Rubio Concerned About Two Florida Counties Still Tallying Votes

November 8, 2018 Updated: November 14, 2018

Sen. Marco Rubio (R-Fla.) has raised concern about two Florida counties that are still counting votes two days after the Nov. 6 election. One of the counties, he pointed out, has a record of election-law violations.

“Florida law requires counties report early voting [and] vote-by-mail within 30 minutes after polls close. 43 hours after polls closed, 2 Democrat strongholds #BrowardCounty [and] #PalmBeachCounty are still counting & refusing to disclose how many ballots they have left to count,” Rubio said in a Nov. 8 tweet.

Republicans won closely contested gubernatorial and Senate races in Florida, based on the ballots counted so far. But the two counties are still updating their results.

Broward Elections Supervisor Brenda Snipes “isn’t reporting hourly or regularly, but rather releasing thousands of additional votes, often in the overnight hours, that are chipping away at GOP leads,” Rubio said in a tweet.

“Now democrat lawyers are descending on #Florida. They have been very clear they aren’t here to make sure every vote is counted,” he said in another one. “They are here to change the results of election [and] #Broward is where they plan to do it.”

Bad Rap

Broward County Elections Department has been caught repeatedly breaking the law and was successfully sued for it.

In 2016, Republican poll watchers found out that the Department’s staff was opening absentee ballots in private, which is illegal, because the process must be open to citizens who want to check the ballots are properly cast.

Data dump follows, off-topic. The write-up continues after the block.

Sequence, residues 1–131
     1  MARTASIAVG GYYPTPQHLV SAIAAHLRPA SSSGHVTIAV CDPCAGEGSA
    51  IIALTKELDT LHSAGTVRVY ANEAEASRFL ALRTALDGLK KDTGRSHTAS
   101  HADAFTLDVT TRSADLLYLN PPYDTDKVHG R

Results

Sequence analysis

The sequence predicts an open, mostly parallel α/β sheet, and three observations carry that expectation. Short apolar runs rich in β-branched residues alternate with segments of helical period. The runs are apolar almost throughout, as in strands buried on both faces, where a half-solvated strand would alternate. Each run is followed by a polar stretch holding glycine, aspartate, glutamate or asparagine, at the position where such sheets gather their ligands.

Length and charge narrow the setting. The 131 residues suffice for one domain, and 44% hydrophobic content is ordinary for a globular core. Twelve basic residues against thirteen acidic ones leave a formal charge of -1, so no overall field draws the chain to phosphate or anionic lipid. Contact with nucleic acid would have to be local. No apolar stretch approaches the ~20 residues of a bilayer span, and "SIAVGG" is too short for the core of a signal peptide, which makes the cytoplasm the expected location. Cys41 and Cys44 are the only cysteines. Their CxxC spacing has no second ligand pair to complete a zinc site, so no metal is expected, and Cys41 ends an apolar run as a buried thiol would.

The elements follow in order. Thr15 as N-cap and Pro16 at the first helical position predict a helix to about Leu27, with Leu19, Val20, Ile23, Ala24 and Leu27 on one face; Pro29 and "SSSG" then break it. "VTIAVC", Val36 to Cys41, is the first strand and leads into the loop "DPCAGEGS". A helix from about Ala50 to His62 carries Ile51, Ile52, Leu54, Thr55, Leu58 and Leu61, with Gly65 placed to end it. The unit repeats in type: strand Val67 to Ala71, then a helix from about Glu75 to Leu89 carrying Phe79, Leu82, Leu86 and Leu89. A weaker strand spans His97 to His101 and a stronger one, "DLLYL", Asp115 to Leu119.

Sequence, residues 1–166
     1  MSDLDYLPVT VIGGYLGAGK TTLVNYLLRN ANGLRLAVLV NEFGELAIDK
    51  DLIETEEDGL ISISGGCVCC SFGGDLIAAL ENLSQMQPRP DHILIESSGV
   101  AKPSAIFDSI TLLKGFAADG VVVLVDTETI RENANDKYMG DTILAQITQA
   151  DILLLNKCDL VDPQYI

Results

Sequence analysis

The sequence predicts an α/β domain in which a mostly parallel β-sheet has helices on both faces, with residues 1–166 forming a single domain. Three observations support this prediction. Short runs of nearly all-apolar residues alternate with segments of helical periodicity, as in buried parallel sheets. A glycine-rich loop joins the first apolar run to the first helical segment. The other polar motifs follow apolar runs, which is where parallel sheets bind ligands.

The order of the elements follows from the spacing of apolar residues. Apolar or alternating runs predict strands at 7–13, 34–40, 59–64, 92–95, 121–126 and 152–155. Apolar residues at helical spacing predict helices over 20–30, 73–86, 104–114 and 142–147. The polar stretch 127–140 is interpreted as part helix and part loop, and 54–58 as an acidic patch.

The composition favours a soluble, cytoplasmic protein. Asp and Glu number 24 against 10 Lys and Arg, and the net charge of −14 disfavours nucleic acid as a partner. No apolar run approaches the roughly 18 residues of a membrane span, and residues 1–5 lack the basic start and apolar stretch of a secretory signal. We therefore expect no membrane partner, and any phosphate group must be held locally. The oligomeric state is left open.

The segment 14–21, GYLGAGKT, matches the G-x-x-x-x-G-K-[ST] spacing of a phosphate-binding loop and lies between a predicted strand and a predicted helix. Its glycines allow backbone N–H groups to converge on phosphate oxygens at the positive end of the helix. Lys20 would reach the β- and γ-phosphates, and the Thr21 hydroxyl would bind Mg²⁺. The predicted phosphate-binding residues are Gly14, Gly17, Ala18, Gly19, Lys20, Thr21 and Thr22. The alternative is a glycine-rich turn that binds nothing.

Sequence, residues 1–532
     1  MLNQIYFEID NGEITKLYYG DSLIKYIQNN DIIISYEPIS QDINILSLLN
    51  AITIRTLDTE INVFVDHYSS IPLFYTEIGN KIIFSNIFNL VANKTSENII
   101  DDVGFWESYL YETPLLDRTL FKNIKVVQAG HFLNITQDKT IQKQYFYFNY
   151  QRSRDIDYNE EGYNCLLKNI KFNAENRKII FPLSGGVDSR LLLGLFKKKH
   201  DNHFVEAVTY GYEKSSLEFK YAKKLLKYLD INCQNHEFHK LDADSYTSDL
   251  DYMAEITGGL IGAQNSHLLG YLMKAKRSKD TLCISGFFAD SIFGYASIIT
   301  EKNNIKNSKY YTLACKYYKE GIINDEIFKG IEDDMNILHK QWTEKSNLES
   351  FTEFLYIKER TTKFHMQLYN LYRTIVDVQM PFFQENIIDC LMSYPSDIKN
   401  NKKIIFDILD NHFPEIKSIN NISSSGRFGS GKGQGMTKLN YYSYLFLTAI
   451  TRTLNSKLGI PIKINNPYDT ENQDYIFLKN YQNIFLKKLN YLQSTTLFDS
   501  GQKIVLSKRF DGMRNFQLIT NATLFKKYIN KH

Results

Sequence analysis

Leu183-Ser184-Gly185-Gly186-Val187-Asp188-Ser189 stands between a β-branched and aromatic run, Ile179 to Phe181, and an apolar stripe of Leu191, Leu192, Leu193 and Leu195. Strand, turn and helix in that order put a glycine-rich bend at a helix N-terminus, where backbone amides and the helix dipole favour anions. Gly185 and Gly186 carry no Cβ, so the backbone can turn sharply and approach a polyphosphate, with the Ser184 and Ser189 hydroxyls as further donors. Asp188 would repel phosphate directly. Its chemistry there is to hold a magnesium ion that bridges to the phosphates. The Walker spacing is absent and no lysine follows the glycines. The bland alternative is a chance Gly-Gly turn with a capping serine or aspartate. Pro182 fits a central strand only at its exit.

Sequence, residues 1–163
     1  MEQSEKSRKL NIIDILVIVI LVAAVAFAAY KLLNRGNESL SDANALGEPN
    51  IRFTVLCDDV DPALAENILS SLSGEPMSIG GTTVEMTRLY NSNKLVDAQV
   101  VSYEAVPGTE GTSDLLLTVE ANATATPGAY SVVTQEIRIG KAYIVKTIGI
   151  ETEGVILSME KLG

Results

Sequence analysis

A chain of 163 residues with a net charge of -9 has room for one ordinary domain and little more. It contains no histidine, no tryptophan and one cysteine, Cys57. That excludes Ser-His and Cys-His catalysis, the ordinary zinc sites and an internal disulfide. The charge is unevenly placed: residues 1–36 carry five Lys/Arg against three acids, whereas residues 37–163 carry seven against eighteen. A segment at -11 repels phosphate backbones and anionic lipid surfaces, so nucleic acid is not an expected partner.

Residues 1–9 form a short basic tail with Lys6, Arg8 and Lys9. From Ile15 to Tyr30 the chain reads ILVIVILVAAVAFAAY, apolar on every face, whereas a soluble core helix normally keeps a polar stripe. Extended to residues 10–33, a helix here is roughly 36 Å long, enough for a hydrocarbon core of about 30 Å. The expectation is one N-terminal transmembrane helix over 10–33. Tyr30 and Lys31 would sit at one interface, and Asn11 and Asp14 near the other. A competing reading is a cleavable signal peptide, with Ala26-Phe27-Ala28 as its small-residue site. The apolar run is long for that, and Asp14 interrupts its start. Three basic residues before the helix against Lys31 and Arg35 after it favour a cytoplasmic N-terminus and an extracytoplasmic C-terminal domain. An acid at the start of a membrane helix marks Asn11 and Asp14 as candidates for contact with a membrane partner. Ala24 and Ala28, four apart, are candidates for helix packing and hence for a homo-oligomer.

A judge ordered that Snipes change the way the process is handled so the violation wouldn’t happen again.

Also in 2016, Broward posted early voting results a half hour before polls closed, which is against the law.

In May, a judge found that Snipes illegally destroyed ballots from the 2016 congressional primary between Rep. Debbie Wasserman Schultz and then-Democratic rival Tim Canova. Canova sued and the judge agreed the ballots were destroyed prematurely.

After the August primaries, Broward was the last county in the state to post results.

“We have consistently been the bottom of the barrel getting our voting results in,” Broward County Commissioner Nan Rich said in September, the Miami Herald reported. “I don’t want to be 67th in 67 counties again in voting.”

To prevent delays, the county added three new high-speed scanners to process the midterm ballots.

“The new system should allow for results to be sent in more quickly than ever before, since they electronically transfer results,” the Herald stated.

Now, two days after the polls have closed, the county is still counting.

“Broward election supervisors ongoing violation of #Florida law requiring timely reporting isn’t just annoying incompetence,” Rubio said in a tweet. “It has opened the door for lawyers to come here [and] try to steal a seat in the U.S. Senate [and] Florida Cabinet.”


So far, in the gubernatorial race, Democrat Andrew Gillum lost with 49.2 percent of the vote to Republican Ron DeSantis with 49.6 percent—a margin of 39,600 votes.

In the Senate race, Democratic incumbent Bill Nelson lost with 49.9 percent of the vote against current Florida Gov. Rick Scott with 50.1 percent. Scott won by about 17,400 votes.

Both results are close enough to trigger recounts under Florida law.

On Nov. 7, Nelson retained the Democratic Party’s lawyer of choice, Marc Elias of the Perkins Coie firm. Elias has expressed confidence in Nelson’s eventual win.

“I firmly believe that at the end of this process Senator Nelson is going to prevail,” he said, Talking Points Memo reported.

Gillum at first conceded the race, but then released a statement saying he may be interested in a recount too.

Florida GOP chair Blaise Ingoglia said the results would end up the same regardless of recounts.

“The margin may change by a couple thousand, but it’s not going to change the outcome of the election,” he told CNN on Nov. 8.

Broward County’s Elections Department didn’t respond to a request for comment.

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